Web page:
What's Sugar Doing To Us?

Posted by Jessica Meyers Altman on

I just watched an amazing movie called Fed Up.  The movie focuses on how the low-fat craze that took hold in the 80's, is now being found to be in part, responsible for the rise in obesity. How could this be? A low-fat, whole food, plant-based diet is most likely the best type of lifestyle to follow. However, "low-fat" processed foods are not. Why? When the McGovern report came out in 1977, reporting that saturated fats led to heart disease, Americans and their food producers launched a food revolution. Low-fat foods sprang up everywhere. Fat was demonized and taken out of foods. Processed foods have to be shelf stable for a long time. By taking out the fat, food producers had to replace it with something that would make the food taste good to the consumer. Enter....sugar. Sugar by the tablespoon replaced the fat, and in so doing, created an epidemic of obesity. 

The more sugar we eat, the more insulin our bodies have to produce to deal with the excess sugar in our blood stream. Insulin helps to store excess sugar in the form of fat. Fat gets deposited into our cells, making it harder for future amounts of glucose/sugar to get into the cells for energy. The glucose remains in the blood and the body keeps making more insulin to deal with it. This wears out our pancreas (which makes insulin) and creates insulin resistance, the precursor to diabetes. It's no coincidence that as sugar levels in our foods have climbed, so too have rates of Type 2 diabetes. Type 2 diabetes, used to be known as adult onset. This term can no longer be used. Children are getting Type 2 diabetes at alarming rates. For more on this, visit Dr. Barnard's website on preventing and reversing diabetes.

Sugar is an addictive food. Our bodies crave it. When we eat it, it takes more of it to give us the same thrill. Just like addictive drugs, sugar manipulates the biochemistry in our brains to make us crave it more. A little doesn't satiate, we need more. Over the last 30 years, that's exactly what we have been given. What's so bad about a little sugar? Nothing. But it's not a little. The average American consumes 20 tsp of sugar per day! The American Heart Association recommends no more than 6 tsp a day (but that's a lot too!).  Sugar hides in many places you don't think about it. Cereals, sauces, drinks, salad dressings, yogurt, peanut butter, granola bars, condiments, crackers, potato chips, and many other inconspicuous foods. Take a look on a food label. Sugar doesn't have a daily caloric percentage. Do you find that odd? Lobbyists in the food industry don't want you to know how much you're really consuming, and they keep it in misleading terminology.  They list it in grams, not teaspoons, since most Americans don't conceptualize gram measurements. This is no mistake. This is purposeful on the part of the food producers.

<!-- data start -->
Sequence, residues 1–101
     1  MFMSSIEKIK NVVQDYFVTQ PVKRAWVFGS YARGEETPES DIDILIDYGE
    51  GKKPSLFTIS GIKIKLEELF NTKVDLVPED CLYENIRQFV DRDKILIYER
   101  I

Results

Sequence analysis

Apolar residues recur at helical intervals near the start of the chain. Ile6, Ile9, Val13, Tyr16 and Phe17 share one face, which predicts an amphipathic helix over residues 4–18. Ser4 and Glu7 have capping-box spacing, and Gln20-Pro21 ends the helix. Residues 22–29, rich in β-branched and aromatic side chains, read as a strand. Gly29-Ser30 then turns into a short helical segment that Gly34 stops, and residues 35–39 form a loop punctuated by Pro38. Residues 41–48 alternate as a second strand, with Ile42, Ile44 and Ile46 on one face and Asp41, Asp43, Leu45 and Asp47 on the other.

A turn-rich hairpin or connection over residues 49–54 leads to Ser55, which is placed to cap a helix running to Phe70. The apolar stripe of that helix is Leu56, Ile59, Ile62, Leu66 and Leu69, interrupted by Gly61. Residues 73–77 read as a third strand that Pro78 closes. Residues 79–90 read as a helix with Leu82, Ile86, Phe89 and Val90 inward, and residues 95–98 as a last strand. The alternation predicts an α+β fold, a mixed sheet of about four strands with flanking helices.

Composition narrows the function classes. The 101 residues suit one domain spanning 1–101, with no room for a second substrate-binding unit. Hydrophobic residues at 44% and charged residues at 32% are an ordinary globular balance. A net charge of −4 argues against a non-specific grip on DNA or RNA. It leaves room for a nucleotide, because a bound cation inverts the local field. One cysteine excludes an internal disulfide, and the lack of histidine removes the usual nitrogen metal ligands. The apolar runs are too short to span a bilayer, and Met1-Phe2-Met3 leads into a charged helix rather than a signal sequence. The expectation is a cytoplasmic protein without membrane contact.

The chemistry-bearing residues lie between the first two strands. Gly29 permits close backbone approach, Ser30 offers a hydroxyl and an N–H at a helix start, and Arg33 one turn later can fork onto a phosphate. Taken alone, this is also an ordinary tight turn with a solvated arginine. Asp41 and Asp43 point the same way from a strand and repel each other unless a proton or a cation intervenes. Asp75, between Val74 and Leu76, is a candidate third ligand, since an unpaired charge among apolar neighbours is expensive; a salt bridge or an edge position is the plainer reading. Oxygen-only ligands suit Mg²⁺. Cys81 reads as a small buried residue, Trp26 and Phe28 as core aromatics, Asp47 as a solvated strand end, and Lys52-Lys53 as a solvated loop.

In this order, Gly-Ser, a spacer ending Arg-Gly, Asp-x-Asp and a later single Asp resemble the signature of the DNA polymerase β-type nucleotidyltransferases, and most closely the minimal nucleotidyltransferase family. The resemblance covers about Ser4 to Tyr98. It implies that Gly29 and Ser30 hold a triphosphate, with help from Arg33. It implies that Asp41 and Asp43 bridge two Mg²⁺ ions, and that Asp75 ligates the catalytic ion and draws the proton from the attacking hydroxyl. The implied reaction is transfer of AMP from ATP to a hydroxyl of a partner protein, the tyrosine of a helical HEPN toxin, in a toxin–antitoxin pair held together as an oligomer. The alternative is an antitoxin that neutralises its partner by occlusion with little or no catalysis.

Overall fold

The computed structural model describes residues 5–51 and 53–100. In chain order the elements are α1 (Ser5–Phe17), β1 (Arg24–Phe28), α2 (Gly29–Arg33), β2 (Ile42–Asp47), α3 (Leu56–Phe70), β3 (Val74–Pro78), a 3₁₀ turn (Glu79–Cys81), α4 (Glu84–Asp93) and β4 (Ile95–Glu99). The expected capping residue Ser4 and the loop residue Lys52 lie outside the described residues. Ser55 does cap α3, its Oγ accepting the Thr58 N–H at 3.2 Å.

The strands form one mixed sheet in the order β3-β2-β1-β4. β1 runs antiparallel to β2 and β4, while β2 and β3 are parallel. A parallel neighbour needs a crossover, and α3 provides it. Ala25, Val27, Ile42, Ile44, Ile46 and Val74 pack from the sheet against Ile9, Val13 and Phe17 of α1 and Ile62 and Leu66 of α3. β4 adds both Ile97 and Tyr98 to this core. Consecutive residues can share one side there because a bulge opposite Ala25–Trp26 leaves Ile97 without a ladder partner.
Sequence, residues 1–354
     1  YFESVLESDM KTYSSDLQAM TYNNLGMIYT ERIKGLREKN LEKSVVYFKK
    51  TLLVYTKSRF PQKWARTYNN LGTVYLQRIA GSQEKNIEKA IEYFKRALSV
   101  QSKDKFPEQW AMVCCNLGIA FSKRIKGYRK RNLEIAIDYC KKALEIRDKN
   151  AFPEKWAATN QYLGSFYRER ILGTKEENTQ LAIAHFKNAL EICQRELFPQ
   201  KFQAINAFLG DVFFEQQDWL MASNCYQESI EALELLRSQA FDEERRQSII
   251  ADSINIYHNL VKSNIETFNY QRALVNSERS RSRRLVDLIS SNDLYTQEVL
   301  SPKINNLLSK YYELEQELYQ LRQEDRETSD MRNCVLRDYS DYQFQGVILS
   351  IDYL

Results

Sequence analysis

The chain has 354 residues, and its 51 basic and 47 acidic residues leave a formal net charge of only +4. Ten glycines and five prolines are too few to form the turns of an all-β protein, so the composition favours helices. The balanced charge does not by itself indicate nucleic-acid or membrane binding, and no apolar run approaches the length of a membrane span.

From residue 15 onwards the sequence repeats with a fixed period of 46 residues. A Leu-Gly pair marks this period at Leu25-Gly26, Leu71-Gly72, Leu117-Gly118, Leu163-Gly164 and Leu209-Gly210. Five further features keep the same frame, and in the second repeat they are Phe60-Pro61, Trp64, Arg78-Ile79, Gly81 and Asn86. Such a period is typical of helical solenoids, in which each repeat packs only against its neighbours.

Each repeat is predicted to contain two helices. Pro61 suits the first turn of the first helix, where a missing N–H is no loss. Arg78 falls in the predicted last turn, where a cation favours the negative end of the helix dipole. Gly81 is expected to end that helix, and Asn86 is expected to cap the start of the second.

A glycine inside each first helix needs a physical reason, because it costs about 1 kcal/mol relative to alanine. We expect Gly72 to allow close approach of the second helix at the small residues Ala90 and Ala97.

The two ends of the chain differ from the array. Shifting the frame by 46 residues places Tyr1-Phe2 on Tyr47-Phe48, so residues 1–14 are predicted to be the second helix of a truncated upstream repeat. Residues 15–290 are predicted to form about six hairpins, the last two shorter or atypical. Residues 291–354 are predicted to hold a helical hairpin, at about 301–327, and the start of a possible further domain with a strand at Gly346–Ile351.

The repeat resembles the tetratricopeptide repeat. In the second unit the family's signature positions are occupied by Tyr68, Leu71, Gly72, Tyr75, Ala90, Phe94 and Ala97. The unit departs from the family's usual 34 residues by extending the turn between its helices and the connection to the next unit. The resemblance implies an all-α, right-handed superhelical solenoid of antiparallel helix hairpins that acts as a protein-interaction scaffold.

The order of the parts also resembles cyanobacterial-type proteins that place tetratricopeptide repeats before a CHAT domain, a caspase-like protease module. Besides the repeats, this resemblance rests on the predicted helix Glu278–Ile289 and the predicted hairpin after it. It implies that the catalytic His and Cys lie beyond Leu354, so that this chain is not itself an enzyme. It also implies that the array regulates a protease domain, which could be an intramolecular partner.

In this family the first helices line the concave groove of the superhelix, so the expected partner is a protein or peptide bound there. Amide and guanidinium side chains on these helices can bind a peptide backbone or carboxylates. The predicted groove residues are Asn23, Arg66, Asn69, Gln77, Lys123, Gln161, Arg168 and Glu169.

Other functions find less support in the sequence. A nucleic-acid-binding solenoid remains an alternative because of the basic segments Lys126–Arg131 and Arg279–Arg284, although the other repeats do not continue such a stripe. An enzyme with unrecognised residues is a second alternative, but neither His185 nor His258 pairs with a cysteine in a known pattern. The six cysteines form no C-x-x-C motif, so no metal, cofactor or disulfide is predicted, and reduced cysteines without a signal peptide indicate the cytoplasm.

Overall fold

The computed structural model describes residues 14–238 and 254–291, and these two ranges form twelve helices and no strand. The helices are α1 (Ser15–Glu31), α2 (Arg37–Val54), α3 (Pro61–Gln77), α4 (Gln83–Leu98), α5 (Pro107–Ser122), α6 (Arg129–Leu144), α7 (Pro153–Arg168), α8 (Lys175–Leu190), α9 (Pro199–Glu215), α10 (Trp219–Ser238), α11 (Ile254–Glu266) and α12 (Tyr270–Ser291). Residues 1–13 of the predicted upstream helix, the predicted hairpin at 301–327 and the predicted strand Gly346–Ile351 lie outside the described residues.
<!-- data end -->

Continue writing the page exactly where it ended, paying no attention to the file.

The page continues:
How can you break your addiction? Take a break from sugar. Avoid processed foods and eat whole fruits and vegetables, nuts, grains, and legumes. If baking, use a whole food sweetener like date paste or bananas, which provides sweetness, but also fiber, magnesium, and potassium.  Wanting a sweet treat? Grab some berries.  Skip the dressings and dips in restaurants. Avoid drinks other than water.  If you typically consume a lot of sugar, you'll find you'll shed a bit of weight with these new changes, without changing your caloric intake.  It's not about the calories, but what type of calories you're consuming. Are they empty or are they nutrient packed? 100 calories of soda doesn't equal 100 calories of nutrient dense foods like broccoli, apples, beans. and nuts. 

When you eat a whole food, plant-based diet, you will naturally consume less sugar. The key is WHOLE food. Avoid processed foods where ingredients are unknown. Eat foods you can identify. Have foods cut and prepared so that you make good decisions when you're hungry. This will help you to avoid food cravings and grabbing that sugary, salty snack. 

For ideas on foods without added sugars, visit me over on www.gardenfreshfoodie.com where I'm always cooking up whole food nutrition! Happy and healthy eating to you! BTW-lots of zucchini recipes coming your way soon....


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